Daily Spasticity Burden Represents Great Challenge for Patients With Multiple Sclerosis


In total, 72% of responders reported spasticity as a top 5 most problematic symptom, with 17% ranking it as the single most difficult symptom of MS to manage.

Scott Newsome, DO, MSCS, FAAN

Scott Newsome, DO, MSCS, FAAN

Findings from SEEN-MS (Symptoms and Emotions Exploration Needed in Multiple Sclerosis Spasticity), a cross-sectional, online survey, recently highlighted the most problematic symptoms experienced by patients with multiple sclerosis and spasticity (pwMSS), as well as raised awareness about the substantial burden these patients face, and the importance to manage these symptoms on a day-to-day basis.1

Among a cohort of 961 US-based pwMSS responders, 17 different co-occurring symptoms were reported, with more than 60% of participants saying they have at least 8 additional symptoms coexisting with spasticity. "These results emphasize the importance of proactive communication regarding the consultation of symptoms associated with spasticity and addressing the individual needs and treatment goals of pwMSS," the authors wrote.

The data were presented at the 2021 Annual Meeting of the Consortium of Multiple Sclerosis Centers (CMSC), October 25-28, by Scott Newsome, DO, MSCS, FAAN, president, CMSC, director, Neurosciences Consultation and Infusion Center at Green Spring Station, and associate professor of neurology, Johns Hopkins Medicine. Newsome and colleagues sought to understand the problems these patients face using a survey of multiple-choice and rank-order questions.

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In total, 78% of the cohort was female, with a mean age of 56.6 years (±10.5) and a mean of 16.3 years (±9.7) from diagnosis. After experiencing spasticity symptoms for a mean of 11.1 years (±9.6), patients self-reported a wide spectrum of disability on Patient-Determined Disease Steps, ranging from 1 (mild disability) to 7 (wheelchair/scooter).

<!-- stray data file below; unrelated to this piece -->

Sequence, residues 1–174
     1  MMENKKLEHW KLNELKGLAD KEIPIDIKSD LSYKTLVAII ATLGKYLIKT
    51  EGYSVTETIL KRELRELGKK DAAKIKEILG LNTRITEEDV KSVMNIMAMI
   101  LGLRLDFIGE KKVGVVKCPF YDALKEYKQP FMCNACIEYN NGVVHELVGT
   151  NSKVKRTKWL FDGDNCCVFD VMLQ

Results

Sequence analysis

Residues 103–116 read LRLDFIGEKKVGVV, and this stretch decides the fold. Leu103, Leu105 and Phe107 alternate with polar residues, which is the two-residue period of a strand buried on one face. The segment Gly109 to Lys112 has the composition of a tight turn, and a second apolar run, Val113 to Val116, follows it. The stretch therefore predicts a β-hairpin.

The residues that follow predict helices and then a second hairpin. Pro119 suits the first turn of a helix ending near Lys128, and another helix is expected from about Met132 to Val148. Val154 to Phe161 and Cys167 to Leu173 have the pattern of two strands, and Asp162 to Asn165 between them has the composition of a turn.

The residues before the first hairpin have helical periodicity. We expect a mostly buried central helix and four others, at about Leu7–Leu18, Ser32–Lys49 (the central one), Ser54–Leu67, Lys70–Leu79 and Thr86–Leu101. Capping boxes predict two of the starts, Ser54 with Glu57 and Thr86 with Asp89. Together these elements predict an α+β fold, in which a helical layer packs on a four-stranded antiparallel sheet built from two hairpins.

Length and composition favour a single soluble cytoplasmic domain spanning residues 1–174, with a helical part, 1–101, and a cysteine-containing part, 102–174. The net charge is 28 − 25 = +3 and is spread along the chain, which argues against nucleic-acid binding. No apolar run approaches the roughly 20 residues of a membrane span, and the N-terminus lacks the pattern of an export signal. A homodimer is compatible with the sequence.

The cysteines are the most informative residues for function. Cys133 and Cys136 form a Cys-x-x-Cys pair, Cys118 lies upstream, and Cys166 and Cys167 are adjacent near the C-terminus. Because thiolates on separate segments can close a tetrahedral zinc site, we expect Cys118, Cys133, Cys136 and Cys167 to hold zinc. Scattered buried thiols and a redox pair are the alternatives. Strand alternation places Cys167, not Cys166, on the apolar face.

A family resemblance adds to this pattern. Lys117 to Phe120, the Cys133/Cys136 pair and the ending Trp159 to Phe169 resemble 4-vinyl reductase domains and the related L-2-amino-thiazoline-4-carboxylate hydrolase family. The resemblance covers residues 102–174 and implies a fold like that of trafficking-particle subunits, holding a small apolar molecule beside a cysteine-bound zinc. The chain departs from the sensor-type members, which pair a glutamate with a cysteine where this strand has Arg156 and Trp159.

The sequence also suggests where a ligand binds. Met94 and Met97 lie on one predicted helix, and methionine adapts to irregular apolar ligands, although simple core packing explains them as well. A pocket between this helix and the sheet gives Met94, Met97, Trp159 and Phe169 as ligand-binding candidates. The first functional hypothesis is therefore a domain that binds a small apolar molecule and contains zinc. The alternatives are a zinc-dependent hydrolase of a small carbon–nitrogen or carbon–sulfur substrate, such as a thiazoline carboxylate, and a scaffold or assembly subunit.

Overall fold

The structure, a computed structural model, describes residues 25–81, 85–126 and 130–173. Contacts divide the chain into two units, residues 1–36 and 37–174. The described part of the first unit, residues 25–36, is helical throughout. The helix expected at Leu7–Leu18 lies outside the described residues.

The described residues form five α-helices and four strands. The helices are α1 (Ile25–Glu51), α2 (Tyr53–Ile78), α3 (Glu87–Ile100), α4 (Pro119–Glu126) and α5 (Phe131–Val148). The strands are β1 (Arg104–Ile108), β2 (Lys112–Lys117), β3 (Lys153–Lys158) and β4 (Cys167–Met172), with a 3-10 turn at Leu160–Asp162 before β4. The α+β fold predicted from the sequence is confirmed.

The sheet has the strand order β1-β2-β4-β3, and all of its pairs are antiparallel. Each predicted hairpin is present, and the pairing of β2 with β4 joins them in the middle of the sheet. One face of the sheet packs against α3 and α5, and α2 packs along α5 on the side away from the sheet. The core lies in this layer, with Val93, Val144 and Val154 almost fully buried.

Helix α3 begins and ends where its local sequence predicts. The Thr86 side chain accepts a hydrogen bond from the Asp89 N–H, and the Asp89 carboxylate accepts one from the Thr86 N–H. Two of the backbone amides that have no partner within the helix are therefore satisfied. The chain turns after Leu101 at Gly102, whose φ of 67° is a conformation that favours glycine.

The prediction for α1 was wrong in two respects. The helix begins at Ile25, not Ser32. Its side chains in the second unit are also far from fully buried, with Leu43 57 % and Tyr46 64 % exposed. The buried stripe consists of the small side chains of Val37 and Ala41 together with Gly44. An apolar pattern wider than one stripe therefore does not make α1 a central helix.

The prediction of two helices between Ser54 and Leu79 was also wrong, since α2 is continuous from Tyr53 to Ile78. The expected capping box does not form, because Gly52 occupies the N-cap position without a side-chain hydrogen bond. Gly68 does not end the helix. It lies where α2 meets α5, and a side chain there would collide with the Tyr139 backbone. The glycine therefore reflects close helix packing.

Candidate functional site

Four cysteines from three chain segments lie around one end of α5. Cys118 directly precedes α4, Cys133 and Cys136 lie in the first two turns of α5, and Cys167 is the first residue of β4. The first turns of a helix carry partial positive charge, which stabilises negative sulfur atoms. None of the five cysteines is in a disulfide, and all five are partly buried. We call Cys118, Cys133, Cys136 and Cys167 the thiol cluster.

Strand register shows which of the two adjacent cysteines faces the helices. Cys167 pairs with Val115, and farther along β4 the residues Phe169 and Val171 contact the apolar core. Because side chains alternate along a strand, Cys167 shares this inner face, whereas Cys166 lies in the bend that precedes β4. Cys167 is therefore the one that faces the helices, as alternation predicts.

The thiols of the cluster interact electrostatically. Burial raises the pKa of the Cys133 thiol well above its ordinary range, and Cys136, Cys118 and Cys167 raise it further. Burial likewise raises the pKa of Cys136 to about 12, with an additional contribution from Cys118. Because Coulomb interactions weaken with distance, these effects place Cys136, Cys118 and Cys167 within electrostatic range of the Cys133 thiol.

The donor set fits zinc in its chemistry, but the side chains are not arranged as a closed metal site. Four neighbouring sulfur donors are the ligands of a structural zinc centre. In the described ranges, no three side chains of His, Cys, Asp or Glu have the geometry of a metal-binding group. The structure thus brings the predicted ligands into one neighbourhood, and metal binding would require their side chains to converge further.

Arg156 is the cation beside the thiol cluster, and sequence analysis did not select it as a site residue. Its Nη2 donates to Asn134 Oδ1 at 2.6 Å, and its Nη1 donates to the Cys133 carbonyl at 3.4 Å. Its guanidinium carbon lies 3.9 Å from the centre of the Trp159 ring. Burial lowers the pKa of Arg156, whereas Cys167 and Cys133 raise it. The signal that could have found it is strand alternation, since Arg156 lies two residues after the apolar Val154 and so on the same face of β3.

Spasticity represented the most problematic symptom in 17% of pwMSS and was considered a top-5 most problematic symptom by 72% of the cohort. Fatigue (59%), difficulty walking (45%), and pain (40%) rounded out the other top-5 most problematic symptoms.

In addition to understanding the symptoms, investigators assessed the importance of how they are managed. Slowing disease progression was reported as the primary treatment goal in 68% of patients, whereas managing symptoms was more highly prioritized in the remaining 32%. Notably, the importance of managing symptoms (46%) was found to be nearly as important as slowing disease progression (54%) when patients were asked to consider their day-to-day treatment goals.

Spasticity and muscle tightness is commonly treated with medications, physical and occupational therapy. If untreated, spasticity can lead to serious complications, including contractures and pressure sores. These complications also act as spasticity triggers, which can thus set off an escalation of symptoms.2

Nabiximols (Sativex; GW Pharmaceuticals), a cannabidiol-based oral spray, recently demonstrated the ability to significantly improve spasticity Numeric Rating Scale (NRS) score and spasm frequency in patients with MS and thus may serve as a potential option for the community.3 Currently, the drug is approved for the treatment of spasticity in patients with MS in over 25 countries, though not the United States.

For more coverage of CMSC 2021, click here.

1. Newsome SD, Thrower B, Hendin B, Wagner J, Patterson J, Danese S. Symptom burden and treatment goals of people with multiple sclerosis spasticity: results from SEEN-MSS, a large scale, self-reported survey. Presented at 2021 CMSC Annual Meeting; October 25-28. Poster SXM10
2. Spasticity. National MS Society. https://www.nationalmssociety.org/Symptoms-Diagnosis/MS-Symptoms/Spasticity. Accessed October 27, 2021.
3. Javaid S, Lublin F, Nicholas J, et al. Nabiximols efficacy in MS spasticity: treatment effects on spasticity Numeric Rating Scale and muscle spasm frequency in 2 randomized clinical trials. Presented at ECTRIMS 2021; October 13-15. Abstract P812
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